Ocala, FL Last Will & Testament
An individual's last will and testament, often shortened to “will,” is a document that states how he or she wants his or her property to be distributed to beneficiaries after his or her death. In this document, the individual states who he or she wants to act as the executor of the will. The executor is the individual who works with the signer's attorney to ensure that each beneficiary named in the will receives what he or she is entitled to receive.
Consult An Ocala, FL Attorney to Create a Will
It is important that every adult with assets creates a will. Having a will in place protects your assets by stating exactly who you want to receive them and how. When there is no will present after an individual dies, the court may determine how his or her estate is handled. This is known as “dying intestate,” and when this happens, the intestacy laws of the individual's home state determine how his or her assets are handled.
Contact our firm to work on your will with Samantha Shealy Rauba. Ms. Rauba is an experienced estate planning attorney who can help you determine the best way to divide your estate among your loved ones and create a document that protects their rights to your assets.
What To Include in Your Will
The following includes a list of assets you may wish to mention within your will:
- Cash accounts, such as certificates of deposit, money market accounts, and checking accounts
- Antiques and art
- Ownership of your pets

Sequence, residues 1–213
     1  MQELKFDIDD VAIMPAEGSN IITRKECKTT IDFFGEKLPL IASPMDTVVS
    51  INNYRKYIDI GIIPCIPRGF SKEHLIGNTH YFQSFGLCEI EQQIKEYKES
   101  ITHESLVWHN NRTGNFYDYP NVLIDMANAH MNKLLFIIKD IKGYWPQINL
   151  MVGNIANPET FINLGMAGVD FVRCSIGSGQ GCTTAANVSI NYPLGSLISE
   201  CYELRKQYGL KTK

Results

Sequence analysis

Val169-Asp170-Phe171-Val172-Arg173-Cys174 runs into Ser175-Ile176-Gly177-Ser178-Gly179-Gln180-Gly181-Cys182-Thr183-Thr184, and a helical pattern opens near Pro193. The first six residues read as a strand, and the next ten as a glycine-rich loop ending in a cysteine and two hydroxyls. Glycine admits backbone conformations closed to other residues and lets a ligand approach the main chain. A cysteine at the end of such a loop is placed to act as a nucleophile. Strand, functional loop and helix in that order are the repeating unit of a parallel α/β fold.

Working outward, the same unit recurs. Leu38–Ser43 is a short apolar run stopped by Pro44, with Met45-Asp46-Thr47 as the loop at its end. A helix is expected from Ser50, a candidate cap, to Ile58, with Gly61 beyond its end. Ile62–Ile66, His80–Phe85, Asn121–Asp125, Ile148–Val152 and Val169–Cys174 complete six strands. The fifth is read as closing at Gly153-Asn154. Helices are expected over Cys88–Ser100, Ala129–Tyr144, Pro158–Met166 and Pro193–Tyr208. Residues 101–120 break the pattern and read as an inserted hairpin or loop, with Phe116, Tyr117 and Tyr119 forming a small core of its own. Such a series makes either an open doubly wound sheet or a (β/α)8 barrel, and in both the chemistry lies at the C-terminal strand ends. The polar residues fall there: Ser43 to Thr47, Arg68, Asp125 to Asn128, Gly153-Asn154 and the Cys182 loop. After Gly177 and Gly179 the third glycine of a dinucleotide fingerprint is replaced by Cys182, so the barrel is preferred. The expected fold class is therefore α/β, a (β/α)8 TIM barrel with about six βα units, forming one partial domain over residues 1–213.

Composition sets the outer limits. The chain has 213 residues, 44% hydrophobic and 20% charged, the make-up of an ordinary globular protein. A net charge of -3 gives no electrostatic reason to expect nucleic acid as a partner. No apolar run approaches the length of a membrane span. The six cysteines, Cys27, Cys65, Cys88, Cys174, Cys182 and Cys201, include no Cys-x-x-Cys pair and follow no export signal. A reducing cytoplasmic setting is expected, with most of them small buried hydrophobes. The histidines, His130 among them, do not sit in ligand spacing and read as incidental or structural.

- Personal electronics, such as your computer
- Business interests
- Business property
- Securities, such as bonds, stocks, and commodities
- Real estate properties
- Retirement accounts
Every estate is unique. That is why it is important to work out the details of your will with an experienced estate planning attorney. You have the right to leave everything to one individual, such as your spouse, or to designate multiple beneficiaries. We can help you determine a fair way to allocate your assets after you are gone.
Legal Criteria for Your Last Will and Testament
Your will is only valid if the following can be proven:
- You were of sound mind when you signed the document.
- You created the will solely of your free will. This means that you were not under pressure from anybody to designate certain gifts or beneficiaries while you were creating the will.
- You signed and dated the document in the presence of at least two witnesses who are not related to you or named as beneficiaries in the will.
Create Your Last Will and Testament
For legal guidance with your will, contact Schatt Hesser Mcgraw today. Creating a will is an important process for anybody over the age of 18 who has assets. No estate is too small to be protected by a will. Contact our firm today to learn more about the estate planning process and what you need to do to protect your assets.